Seasoning the Griddle: Seasoning is a vital step in preventing rust and creating a non-stick cooking surface. Apply a thin layer of cooking oil to the entire griddle surface, including the sides and corners. Use an oil with a high smoke point, such as vegetable oil or flaxseed oil. Spread the oil evenly using a paper towel or cloth. Heat the griddle on medium-high heat until the oil starts to smoke. Let it cool down and repeat the process 2-3 times to build up a protective seasoning layer. Here are some good choices:
Canola Oil: Canola oil is a popular choice for seasoning due to its high smoke point of around 400°F (204°C). It has a neutral flavor and is readily available in most kitchens.
Grapeseed Oil: Grapeseed oil is another excellent option with a high smoke point of around 420°F (216°C). It has a mild flavor and is known for its light texture.
Avocado Oil: Avocado oil has a very high smoke point of approximately 520°F (271°C), making it suitable for high-heat cooking and seasoning. It has a subtle, buttery flavor.
Peanut Oil: Peanut oil has a high smoke point of about 450°F (232°C) and works well for seasoning a Blackstone griddle. It has a mild, nutty flavor that can add a hint of richness to the griddle surface.
Flaxseed Oil: Flaxseed oil is known for its high smoke point of around 420°F (216°C). It is a popular choice for seasoning cast iron and can be used for Blackstone griddles as well. It has a slightly nutty flavor.
These oils with their respective high smoke points create a protective seasoning layer on the griddle surface, helping to prevent rust and provide a non-stick cooking surface. Choose an oil based on your personal preference and availability, ensuring it has a high smoke point to withstand the seasoning process effectively.
Routine Cleaning: (Pro Tip from Billy H)
After each use, it’s important to properly clean the griddle. Our resident family cooking phenom who I mentioned earlier (Billy H), says that when he’s done cooking, he turns the heat to high and pours water on the griddle to allow steam to do much of the cleaning, it makes scraping much easier. Then the griddle is cooled dried and the seasoning oil of choice is applied.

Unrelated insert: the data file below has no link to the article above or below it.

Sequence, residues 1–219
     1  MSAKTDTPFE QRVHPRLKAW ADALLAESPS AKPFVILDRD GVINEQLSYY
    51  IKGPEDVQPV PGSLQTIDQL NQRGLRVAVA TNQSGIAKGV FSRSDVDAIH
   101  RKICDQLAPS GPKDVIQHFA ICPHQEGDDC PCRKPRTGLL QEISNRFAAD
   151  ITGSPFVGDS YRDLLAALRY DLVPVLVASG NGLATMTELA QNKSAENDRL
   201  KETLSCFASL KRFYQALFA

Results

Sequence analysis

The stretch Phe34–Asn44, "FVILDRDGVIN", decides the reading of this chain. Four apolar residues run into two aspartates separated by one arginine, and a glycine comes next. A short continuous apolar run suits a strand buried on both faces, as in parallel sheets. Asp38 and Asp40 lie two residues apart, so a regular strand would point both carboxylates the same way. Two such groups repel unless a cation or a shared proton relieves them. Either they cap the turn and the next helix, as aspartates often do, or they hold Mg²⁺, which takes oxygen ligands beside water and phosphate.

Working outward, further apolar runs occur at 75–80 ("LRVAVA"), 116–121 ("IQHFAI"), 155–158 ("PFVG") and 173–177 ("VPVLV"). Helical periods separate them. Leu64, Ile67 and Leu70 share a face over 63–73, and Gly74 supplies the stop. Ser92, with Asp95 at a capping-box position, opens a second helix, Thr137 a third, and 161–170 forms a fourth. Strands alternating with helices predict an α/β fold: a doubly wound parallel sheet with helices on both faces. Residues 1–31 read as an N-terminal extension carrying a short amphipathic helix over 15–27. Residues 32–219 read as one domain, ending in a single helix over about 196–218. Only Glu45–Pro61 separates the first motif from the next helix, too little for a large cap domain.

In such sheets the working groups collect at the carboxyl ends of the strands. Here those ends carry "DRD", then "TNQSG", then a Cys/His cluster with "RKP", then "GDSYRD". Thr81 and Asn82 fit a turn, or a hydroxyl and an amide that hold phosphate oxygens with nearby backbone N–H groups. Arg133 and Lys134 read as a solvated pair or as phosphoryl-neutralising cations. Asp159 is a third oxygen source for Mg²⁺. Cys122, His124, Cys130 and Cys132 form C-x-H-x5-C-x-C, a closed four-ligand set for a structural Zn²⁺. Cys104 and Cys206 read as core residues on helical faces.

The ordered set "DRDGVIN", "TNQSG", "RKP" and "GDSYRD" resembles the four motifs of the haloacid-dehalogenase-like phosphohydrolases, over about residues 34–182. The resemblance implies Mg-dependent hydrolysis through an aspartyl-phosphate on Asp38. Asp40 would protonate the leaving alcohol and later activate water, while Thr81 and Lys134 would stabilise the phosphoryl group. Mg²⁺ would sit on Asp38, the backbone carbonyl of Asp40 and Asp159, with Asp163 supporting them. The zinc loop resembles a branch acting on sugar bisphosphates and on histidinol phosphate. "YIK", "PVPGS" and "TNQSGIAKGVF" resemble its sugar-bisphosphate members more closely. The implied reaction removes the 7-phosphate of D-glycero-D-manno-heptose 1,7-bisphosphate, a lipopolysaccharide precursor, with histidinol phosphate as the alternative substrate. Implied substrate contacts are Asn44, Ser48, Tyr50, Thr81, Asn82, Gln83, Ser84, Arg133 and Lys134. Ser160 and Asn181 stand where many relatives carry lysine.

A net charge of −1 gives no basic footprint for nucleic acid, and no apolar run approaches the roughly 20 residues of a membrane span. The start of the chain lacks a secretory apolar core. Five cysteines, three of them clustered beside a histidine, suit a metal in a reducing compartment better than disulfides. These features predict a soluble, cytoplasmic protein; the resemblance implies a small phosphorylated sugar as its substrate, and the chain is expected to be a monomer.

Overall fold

Protecting the Blackstone
To protect your Blackstone griddle from rust, consider investing in a cover specifically designed for your model (Here’s one for a 36″ Griddle). A cover provides an additional layer of defense against the elements, shielding the griddle from rain, snow, and excessive humidity. When not in use, always cover the griddle to prevent moisture accumulation.
Proper storage is critical for preventing rust on your Blackstone griddle, especially during extended periods of non-use or during the off-season. Store the griddle in a cool, dry location away from direct sunlight and extreme temperatures. Ensure the griddle is clean and dry before storing, as any remaining moisture can lead to rust formation. If you can store it indoors for long periods of non-use, all the better!
In addition to regular cleaning and proper storage, certain maintenance practices can further enhance rust prevention for your Blackstone griddle. Periodically inspect the griddle for any signs of rust or damage and address them promptly. Applying a thin layer of cooking oil before storing the griddle can provide extra protection. Avoid using abrasive cleaners or metal utensils that can scratch the griddle surface, as this can compromise its resistance to rust.
Frequently Asked Questions
- Q: Can I use soap to clean my Blackstone griddle? A: Yes, mild dish soap can be used to clean your Blackstone griddle, but make sure to rinse it thoroughly afterward to remove any soap residue.
- Q: How often should I season my Blackstone griddle? A: It is recommended to season your Blackstone griddle after every cleaning or when you notice the seasoning wearing off.
- Q: Can I use my Blackstone griddle in the winter? A: Yes, you can use your Blackstone griddle in winter, but be sure to follow all cleaning and storage procedures, especially making sure it’s completely dry before storage to avoid any problems brought on by freezing.